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[stip-yuh-leyt] /ˈstɪp yəˌleɪt/
verb (used without object), stipulated, stipulating.
to make an express demand or arrangement as a condition of agreement (often followed by for).
verb (used with object), stipulated, stipulating.
to arrange expressly or specify in terms of agreement:
to stipulate a price.
to require as an essential condition in making an agreement:
Total disarmament was stipulated in the peace treaty.
to promise, in making an agreement.
Law. to accept (a proposition) without requiring that it be established by proof:
to stipulate the existence of certain facts or that an expert witness is qualified.
Origin of stipulate1
1615-25; < Latin stipulātus (past participle of stipulārī to demand a formal agreement), apparently equivalent to stipul- (see stipule) + -ātus -ate1
Related forms
[stip-yuh-luh-buh l] /ˈstɪp yə lə bəl/ (Show IPA),
stipulator, noun
[stip-yuh-luh-tawr-ee, -tohr-ee] /ˈstɪp yə ləˌtɔr i, -ˌtoʊr i/ (Show IPA),
unstipulated, adjective
2, 3. specify, designate, indicate, cite. Unabridged
Based on the Random House Dictionary, © Random House, Inc. 2015.
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Examples from the Web for stipulating
Historical Examples
  • To this, perceiving no objection, I consented, stipulating only that my real name should be retained.

  • The Bek also invited me to visit him in his house, but stipulating not to shake hands.

  • Our generous gamester returned all, only stipulating for the payment of L5000 whenever he might think proper to demand it.

  • stipulating that she must swallow this pill, Providence consented to serve her.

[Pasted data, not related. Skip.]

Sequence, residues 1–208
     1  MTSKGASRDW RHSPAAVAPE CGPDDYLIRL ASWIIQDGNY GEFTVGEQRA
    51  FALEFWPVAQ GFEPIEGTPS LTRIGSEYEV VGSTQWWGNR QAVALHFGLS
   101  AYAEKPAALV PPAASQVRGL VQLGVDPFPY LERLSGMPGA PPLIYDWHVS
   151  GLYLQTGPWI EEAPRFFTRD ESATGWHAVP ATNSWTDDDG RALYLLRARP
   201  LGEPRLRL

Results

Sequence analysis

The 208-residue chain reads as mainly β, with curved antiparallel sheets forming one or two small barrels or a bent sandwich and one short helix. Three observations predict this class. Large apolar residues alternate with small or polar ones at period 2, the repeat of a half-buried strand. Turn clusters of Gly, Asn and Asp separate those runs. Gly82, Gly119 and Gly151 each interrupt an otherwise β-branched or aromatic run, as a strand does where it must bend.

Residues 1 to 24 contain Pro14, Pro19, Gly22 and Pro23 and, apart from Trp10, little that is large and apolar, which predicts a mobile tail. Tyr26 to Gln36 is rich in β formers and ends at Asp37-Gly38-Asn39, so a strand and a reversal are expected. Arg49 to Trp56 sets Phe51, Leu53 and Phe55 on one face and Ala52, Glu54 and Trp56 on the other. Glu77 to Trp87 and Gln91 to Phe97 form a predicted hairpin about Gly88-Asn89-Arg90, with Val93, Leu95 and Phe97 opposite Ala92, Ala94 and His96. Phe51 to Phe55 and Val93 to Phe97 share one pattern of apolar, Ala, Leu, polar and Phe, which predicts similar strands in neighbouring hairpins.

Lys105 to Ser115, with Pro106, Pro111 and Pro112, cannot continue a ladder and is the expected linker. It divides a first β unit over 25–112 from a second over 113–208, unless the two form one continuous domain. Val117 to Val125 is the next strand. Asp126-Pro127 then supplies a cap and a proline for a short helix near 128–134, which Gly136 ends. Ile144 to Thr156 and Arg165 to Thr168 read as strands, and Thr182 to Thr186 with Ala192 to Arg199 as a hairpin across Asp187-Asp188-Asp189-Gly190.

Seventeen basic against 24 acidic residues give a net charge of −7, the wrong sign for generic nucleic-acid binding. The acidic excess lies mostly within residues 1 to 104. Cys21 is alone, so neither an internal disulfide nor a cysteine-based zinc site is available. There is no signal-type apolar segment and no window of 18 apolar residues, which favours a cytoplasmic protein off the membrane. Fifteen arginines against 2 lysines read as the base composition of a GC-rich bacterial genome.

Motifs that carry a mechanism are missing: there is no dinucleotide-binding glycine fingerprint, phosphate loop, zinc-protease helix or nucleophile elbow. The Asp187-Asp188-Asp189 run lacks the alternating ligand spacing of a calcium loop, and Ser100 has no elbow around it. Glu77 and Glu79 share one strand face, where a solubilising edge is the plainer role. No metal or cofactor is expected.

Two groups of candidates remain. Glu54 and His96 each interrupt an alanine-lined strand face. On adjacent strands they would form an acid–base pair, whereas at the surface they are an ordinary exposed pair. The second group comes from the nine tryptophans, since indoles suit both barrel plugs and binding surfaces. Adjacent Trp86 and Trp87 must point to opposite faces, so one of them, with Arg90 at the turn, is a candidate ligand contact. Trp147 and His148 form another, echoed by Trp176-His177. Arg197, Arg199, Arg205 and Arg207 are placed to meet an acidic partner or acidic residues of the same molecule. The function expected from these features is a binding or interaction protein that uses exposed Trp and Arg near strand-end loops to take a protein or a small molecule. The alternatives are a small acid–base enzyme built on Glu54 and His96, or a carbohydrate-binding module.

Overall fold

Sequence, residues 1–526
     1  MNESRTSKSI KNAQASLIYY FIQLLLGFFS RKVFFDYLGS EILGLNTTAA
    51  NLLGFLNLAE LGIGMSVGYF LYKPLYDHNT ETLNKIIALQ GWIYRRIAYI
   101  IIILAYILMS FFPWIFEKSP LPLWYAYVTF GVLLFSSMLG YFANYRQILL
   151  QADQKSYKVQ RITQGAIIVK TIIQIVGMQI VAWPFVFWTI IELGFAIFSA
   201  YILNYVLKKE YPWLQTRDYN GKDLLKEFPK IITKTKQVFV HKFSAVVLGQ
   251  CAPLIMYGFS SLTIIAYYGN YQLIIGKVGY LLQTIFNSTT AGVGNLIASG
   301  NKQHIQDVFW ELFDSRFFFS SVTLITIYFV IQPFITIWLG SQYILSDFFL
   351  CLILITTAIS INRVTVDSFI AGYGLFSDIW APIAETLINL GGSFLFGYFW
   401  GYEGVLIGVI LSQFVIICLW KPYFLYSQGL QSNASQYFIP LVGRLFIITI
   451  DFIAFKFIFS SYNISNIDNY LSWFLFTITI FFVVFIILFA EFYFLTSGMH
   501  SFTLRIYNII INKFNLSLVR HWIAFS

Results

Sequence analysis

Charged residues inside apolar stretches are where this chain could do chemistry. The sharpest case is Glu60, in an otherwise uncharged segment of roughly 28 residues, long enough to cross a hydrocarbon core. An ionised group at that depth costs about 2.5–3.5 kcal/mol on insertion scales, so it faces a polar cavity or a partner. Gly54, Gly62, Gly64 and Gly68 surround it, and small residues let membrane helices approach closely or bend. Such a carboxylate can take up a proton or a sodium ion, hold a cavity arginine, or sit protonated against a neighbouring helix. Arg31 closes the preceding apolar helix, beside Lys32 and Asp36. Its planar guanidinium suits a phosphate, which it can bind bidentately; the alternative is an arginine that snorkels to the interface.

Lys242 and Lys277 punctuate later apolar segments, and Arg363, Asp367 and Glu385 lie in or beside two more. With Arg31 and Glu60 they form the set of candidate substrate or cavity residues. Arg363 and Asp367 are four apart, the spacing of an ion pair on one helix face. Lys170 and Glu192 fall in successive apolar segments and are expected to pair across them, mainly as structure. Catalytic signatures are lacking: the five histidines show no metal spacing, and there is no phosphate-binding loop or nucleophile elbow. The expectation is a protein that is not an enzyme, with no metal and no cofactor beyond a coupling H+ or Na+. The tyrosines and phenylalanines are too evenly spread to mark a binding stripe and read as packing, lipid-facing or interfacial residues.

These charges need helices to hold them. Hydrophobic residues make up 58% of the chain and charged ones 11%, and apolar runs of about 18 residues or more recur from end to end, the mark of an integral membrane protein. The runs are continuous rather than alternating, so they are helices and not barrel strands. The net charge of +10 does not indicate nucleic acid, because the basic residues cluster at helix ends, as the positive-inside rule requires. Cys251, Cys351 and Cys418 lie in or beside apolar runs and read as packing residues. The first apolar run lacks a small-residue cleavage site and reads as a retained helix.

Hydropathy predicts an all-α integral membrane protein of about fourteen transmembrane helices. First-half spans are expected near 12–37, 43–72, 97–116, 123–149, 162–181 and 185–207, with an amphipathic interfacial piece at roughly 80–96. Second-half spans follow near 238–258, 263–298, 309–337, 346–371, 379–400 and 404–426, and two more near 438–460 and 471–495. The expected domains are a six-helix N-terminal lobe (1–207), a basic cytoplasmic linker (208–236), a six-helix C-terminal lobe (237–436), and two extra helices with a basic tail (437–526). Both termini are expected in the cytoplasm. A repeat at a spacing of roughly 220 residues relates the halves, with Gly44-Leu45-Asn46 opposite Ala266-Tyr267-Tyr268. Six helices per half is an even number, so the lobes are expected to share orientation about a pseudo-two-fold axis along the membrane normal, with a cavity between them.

Evan Harrington, Complete George Meredith
  • But he did not expect the strange confidences his daughter now made to him after stipulating for the pardon of her husband.

    Maitre Cornelius Honore de Balzac
  • She agreed promptly, only stipulating that she should see and hear nothing of it.

    Francezka Molly Elliot Seawell
  • John confirmed this alliance by stipulating a marriage between his eldest son and the daughter of Charles de Valois.

  • I believe you were right in stipulating for secrecy on my part, as you did.

    The Honour of the Clintons Archibald Marshall
  • I readily consented, only stipulating that I should be held blameless in the event of trouble ensuing.

    The Log of a Sea-Waif Frank T. Bullen
  • The Judge had agreed, stipulating that there should be no change in the evening hour.

    The Trumpeter Swan Temple Bailey
British Dictionary definitions for stipulating


(transitive; may take a clause as object) to specify, often as a condition of an agreement
(intransitive) foll by for. to insist (on) as a term of an agreement
(Roman law) to make (an oral contract) in the form of question and answer necessary to render it legally valid
(transitive; may take a clause as object) to guarantee or promise
Derived Forms
stipulable (ˈstɪpjʊləbəl) adjective
stipulation, noun
stipulator, noun
stipulatory (ˈstɪpjʊlətərɪ; -trɪ) adjective
Word Origin
C17: from Latin stipulārī, probably from Old Latin stipulus firm, but perhaps from stipula a stalk, from the convention of breaking a straw to ratify a promise


/ˈstɪpjʊlɪt; -ˌleɪt/
(of a plant) having stipules
Collins English Dictionary - Complete & Unabridged 2012 Digital Edition
© William Collins Sons & Co. Ltd. 1979, 1986 © HarperCollins
Publishers 1998, 2000, 2003, 2005, 2006, 2007, 2009, 2012
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Word Origin and History for stipulating



1620s, from Latin stipulatus, past participle of stipulari (see stipulation). Related: Stipulated; stipulating.

Online Etymology Dictionary, © 2010 Douglas Harper
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